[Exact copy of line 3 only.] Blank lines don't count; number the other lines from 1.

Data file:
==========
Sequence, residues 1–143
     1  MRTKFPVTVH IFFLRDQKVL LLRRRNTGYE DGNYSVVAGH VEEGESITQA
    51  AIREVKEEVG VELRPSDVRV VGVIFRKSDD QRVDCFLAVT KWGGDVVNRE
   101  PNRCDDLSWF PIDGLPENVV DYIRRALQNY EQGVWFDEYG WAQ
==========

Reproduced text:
    51  AIREVKEEVG VELRPSDVRV VGVIFRKSDD QRVDCFLAVT KWGGDVVNRE